Heading downwind my obvious track was straight over the top of Combe and the trade route to the South coast. A nice climb before Combe saw me fly over the hill watching a few on the ground not doing much, a good climb near the wind turbine over the back of Combe saw me back at base and a decision to make as I was headed for a blue hole. Which cloud street to aim for, I opted for the one slightly further east as it seemed to give me a better line to Whitchurch.

My preferred track is always a line between Whitchurch and Overton. Sure enough, with an intermediate climb half way between Combe and Whitchurch I was crossing the A34 just north of Whitchurch. Another nice climb saw me back at base and heading for Popham. Transiting Popham airfield, high and just to the south I had another good climb from the edge of the wood, text book source with trigger point. Watching a micro-light take-off from Popam I kept an eye on where he went. At base again and another glide/climb I could see Four Marks in the distance. Definitely didn't want to go down anywhere in this area, makes for a complicated retrieve.

There was much more blue-sky by the time I was near Four Marks so I was making the most of every climb flying over villages and whatever clouds I could reach within an easy glide. Every now and then I got the odd whiff of smoke and made the most of the climbs nearby, once I found them. Smell is always a good sense to use when hunting for lift… Smoke or cow shit are perfect, no matter how high you are!

By now I had Petersfield in my sights, it got to the stage of one more climb and I knew I'd reach the town in one long glide. Sure enough, I arrived over Petersfield about 700 above ground and checking out landing options if needed. I knew that one wrong turn would see me on the ground. I'd been in the air some 3 hours and thought the day was slowing down a little. But, in the spirit of never giving up till my feet are brushing the tree tops I looked for a climb. Downwind of the supermarket car park up I went back to base with one climb of around 3000 ft in one blast… Happy days. Time for another glide, taking me past South Harting and onto the South Downs. With the wind definitely from the North/North West getting much further east was going to be hard work and I reckoned there was only about another hour of good thermals.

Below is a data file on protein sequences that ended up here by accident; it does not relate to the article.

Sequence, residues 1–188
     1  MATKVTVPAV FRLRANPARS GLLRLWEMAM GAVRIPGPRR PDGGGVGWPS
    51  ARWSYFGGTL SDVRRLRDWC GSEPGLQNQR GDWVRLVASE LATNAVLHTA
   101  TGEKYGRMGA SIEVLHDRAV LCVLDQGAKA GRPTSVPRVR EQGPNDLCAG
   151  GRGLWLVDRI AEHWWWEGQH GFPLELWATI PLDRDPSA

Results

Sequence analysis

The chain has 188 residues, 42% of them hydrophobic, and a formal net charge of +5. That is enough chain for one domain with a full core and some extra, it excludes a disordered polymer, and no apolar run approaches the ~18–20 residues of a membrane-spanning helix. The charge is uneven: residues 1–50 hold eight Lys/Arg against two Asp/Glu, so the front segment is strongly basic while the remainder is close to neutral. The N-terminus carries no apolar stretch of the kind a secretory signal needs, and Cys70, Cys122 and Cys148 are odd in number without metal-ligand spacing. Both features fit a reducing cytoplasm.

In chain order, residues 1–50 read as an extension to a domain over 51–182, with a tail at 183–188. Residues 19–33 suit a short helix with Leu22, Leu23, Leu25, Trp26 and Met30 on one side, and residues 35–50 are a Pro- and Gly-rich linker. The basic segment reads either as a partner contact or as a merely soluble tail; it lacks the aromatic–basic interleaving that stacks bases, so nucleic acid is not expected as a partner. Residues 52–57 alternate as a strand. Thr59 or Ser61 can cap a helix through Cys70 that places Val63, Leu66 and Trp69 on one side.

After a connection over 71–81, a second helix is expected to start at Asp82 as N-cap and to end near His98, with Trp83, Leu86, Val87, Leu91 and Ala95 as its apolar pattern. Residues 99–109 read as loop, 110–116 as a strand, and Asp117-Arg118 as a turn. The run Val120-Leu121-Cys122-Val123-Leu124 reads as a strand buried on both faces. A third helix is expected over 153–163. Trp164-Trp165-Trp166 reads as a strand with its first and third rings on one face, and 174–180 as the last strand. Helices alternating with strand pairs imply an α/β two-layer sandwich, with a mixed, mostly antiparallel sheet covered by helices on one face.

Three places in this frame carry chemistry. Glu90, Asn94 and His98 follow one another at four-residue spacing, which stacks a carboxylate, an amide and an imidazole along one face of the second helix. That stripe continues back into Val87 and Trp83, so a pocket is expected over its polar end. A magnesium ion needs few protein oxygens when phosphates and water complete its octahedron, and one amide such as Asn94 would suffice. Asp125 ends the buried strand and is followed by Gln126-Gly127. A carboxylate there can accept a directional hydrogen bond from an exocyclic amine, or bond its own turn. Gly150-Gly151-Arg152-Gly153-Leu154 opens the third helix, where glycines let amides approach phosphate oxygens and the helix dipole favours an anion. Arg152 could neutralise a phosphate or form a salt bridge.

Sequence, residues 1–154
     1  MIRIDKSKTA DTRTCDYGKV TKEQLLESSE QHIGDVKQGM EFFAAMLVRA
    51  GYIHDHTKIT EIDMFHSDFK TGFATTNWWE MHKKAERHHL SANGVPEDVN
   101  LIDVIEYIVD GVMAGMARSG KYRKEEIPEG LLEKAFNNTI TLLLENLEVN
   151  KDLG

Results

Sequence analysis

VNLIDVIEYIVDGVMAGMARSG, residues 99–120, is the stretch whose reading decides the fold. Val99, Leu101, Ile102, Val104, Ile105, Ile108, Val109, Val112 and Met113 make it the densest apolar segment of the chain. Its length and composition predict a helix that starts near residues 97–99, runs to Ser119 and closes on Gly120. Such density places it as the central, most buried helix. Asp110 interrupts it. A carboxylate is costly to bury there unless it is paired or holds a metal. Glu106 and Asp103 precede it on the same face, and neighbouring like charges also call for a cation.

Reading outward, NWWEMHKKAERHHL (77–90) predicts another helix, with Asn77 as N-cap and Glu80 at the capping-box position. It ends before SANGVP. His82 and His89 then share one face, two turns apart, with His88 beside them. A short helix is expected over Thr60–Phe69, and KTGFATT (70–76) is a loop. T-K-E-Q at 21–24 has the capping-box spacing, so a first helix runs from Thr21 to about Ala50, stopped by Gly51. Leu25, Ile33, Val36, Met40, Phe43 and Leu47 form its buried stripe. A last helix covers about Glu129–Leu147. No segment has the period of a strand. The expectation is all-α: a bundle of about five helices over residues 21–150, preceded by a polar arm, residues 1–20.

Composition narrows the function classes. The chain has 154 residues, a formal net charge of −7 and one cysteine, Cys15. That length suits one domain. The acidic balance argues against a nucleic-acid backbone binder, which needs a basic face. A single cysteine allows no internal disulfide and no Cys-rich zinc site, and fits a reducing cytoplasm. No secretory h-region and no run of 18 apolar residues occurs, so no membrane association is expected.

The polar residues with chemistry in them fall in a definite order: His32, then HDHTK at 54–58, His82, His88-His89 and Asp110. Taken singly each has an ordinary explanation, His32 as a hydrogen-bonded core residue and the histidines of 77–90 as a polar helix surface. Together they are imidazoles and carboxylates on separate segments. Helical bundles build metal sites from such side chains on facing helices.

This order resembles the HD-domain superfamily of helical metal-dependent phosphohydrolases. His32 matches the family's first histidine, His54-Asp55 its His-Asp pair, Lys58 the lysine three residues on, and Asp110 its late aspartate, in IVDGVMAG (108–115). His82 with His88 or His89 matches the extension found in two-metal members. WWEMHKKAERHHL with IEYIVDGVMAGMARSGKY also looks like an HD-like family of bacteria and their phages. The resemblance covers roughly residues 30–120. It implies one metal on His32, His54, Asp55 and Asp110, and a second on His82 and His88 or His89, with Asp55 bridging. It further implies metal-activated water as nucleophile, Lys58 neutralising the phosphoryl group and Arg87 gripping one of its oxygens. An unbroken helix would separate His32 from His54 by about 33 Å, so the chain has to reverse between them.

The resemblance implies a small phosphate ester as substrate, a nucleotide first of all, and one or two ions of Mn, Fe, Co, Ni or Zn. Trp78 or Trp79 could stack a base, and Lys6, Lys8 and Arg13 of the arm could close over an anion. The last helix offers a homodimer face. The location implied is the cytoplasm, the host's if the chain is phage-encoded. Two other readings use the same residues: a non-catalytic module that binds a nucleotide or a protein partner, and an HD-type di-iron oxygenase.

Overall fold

Decision made, head to Chichester and the coast if possible. I waved at those flying Harting Down, although they wouldn't have seen that given I was quite high. With the Oudie shouting at me again warning of airspace I started to pay more attention to the route and getting to Chichester. With Goodwood ATZ, I needed to be careful. Easiest track being to the west of the town. I hopped over the South Downs escarpment with plenty of height and headed for a wooded hillside facing roughly NW, I though it'd be good for a climb. Down to a couple of thousand feet with a weak climb, I knew Chichester was in range… Just. My distance log was telling me I was about 95km from take-off, obviously I knew the 100km was on although one more climb would make things less stressful. Sure enough, off the wooded hill-side, up I went, albeit very slowly. The few hundred feet was enough for me to be happy with one more glide as I watched my distance gradually creep over the 100 km mark, always very nice and time for some self-congratulations. Never ceases to amaze me how long it takes to go through 98, 99 and then the magic 100. Job done. I spotted some nice open fields just south of the town and checking for wires and an easy exit to the road I landed. During the four hours I'd been in the air, poor olde Steve had been left on the hill all by himself. Being the superstar he is, (and he didn't have much other option) he moved my car back to Fareham to where he'd left his. Stashing the keys for me to retrieve later. My self-retrieve was simply, train to Fareham from Chichester and simply collect my car.

I'd been in the air a little over 4 hours. Satisfied, most certainly was. Given it's only March I thought I'd made the most of the day in some difficult conditions. Ended up at 107km as a turn-point flight or 101km open distance. Until the next time… 😊